Some people call Twitter a “fire hose” of information. If you’ve avoided Twitter up until now, this phrase may be a little off-putting. After all, no sane person signs up to be hit by a fire hose! But if you aren’t using Twitter, you are missing out on potential networking and business opportunities.
Whether you’ve never dipped a toe into the Twitter fire hose, or you’ve given up on it, read this tips for making the most of Twitter… Even if it overwhelms you:
Use a Twitter Client
You want to know a secret? The best way to use Twitter is not actually at Twitter.com. Twitter’s official “clients” for most operating systems or 3rd-party clients like Hootsuite offer a much easier way to use Twitter than actually navigating your browser to Twitter.com. Choose a client (generally by searching “Twitter” and your operating system) and make use of their more robust features for viewing, Tweeting and navigating the fire hose of information that is Twitter.
I see many business owners sign up for Twitter and then begin following friends, family, colleagues, celebrities, local businesses, interesting thought leaders, everyone in your email contacts… You get the picture. Twitter’s signup process itself makes it very tempting to sign on and begin following other users willy nilly. But I advocate a slow and steady approach. Follow 3-5 of your favorite people at first, then – if you feel comfortable with your Twitter stream – follow a few more the next day. To keep Twitter meaningful, only follow the people you plan to meaningfully interact with.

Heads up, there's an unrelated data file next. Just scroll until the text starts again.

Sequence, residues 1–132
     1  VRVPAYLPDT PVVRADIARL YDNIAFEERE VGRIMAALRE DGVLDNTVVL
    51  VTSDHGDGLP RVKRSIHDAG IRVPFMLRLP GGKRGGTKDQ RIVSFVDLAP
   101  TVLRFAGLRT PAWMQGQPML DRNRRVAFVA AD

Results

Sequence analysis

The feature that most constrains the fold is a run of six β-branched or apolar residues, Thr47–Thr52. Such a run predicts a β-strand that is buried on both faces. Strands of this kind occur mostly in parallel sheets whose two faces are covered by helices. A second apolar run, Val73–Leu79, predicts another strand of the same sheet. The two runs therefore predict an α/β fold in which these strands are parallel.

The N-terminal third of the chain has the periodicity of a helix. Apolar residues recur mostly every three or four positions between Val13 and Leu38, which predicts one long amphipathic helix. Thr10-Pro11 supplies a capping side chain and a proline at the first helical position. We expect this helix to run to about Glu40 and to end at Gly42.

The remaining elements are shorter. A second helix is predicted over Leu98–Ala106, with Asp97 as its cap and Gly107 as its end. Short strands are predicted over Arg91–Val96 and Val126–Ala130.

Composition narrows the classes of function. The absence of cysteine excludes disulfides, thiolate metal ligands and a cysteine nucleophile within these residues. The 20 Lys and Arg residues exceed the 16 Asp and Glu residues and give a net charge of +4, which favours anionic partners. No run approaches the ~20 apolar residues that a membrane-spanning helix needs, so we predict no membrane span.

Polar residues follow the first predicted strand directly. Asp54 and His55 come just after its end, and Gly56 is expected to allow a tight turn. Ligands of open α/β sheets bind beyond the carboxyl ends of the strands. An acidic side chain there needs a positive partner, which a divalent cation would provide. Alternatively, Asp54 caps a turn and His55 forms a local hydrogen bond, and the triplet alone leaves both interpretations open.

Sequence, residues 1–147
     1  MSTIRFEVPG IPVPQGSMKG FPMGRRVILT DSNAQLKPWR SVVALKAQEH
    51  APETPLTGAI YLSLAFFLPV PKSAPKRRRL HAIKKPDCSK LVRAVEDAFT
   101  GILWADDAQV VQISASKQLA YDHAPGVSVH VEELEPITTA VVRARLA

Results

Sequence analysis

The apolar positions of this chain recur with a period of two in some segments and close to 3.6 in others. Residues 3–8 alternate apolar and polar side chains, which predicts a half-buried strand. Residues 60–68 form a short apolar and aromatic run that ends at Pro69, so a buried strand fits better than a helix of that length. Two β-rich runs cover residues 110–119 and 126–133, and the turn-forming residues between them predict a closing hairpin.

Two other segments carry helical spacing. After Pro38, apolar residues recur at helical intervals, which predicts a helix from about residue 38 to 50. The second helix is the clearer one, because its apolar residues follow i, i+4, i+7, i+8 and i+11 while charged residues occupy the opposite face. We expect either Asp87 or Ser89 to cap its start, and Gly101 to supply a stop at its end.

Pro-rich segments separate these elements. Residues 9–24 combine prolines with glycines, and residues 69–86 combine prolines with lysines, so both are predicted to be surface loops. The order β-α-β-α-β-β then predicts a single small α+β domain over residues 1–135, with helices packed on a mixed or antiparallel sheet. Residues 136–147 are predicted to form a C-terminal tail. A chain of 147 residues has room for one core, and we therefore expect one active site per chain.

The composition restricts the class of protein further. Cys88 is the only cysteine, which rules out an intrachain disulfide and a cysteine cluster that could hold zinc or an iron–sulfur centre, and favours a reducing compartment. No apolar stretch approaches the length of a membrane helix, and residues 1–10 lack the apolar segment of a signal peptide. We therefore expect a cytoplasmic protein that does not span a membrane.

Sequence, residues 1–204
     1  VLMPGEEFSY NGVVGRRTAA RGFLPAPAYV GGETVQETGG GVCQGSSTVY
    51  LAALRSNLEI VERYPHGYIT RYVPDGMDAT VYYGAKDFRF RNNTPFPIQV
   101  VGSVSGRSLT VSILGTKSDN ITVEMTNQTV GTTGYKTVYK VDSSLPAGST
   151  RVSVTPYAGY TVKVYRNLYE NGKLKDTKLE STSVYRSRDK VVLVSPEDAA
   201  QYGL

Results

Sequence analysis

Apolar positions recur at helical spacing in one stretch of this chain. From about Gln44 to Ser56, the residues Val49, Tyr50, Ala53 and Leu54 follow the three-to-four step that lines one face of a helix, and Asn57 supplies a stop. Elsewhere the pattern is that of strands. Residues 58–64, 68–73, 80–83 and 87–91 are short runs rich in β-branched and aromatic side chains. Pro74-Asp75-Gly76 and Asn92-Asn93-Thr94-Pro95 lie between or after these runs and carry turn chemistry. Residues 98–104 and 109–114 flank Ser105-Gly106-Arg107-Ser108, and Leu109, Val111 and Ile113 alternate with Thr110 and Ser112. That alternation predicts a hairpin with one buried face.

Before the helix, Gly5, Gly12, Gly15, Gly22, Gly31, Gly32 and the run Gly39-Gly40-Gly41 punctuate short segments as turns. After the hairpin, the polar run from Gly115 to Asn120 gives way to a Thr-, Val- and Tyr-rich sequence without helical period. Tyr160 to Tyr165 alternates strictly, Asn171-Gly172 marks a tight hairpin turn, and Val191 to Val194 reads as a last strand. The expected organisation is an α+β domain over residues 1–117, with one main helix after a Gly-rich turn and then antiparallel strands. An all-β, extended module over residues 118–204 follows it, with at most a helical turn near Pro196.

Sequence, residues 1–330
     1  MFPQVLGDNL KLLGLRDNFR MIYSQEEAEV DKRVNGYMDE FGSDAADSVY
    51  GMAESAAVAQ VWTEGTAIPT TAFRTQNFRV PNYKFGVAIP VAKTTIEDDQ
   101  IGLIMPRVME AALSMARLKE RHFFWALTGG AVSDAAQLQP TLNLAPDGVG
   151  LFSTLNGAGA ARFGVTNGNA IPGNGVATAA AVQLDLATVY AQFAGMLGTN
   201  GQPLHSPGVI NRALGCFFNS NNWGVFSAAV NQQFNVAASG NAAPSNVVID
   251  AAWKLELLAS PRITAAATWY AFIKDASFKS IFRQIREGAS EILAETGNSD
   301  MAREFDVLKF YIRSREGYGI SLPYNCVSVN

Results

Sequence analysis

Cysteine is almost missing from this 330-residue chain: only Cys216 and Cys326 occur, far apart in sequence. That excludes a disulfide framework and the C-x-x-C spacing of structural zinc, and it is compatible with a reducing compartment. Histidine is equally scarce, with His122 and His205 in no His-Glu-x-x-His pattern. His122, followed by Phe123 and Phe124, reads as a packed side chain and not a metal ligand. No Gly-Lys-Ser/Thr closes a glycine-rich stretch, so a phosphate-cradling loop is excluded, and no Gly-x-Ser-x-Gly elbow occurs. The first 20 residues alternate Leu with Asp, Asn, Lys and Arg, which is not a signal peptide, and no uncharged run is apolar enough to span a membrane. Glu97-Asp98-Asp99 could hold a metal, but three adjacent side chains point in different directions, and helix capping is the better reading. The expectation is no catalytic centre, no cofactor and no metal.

Take Advantage of Lists
One savvy way to control the Twitter information fire hose is with lists. Twitter’s list feature allows you to group like accounts together. You might want to sort out potential business prospects so you can respond to them a few times a day, while old high school friends may get sorted into another, less urgent list. And don’t worry, you can make lists private, so none of your Tweeps ever know you listed them as “Annoying Ex-coworkers.”
One great way to find people you want to have meaningful interactions with is through Tweet chats. Find a Tweet chat or two that piques your interest and aligns with your goals for being on Twitter and join in. You’ll find others Twitter users you can relate to, and who knows? You may even find a business opportunity or two.
One often-overlooked aspect of Twitter is the ability to market directly to potential customers. For instance, say you offer a dog walking service in Virginia Beach. People are constantly looking for you on Twitter. They may go so far as to Tweet “Anybody know any good dog walkers in Virginia Beach?” Figure out keywords that people may use to look for a business like yours and then set up a few Twitter searches in your favorite Twitter client. Then offer a friendly “How can I help?” should anyone ever shout out for your services.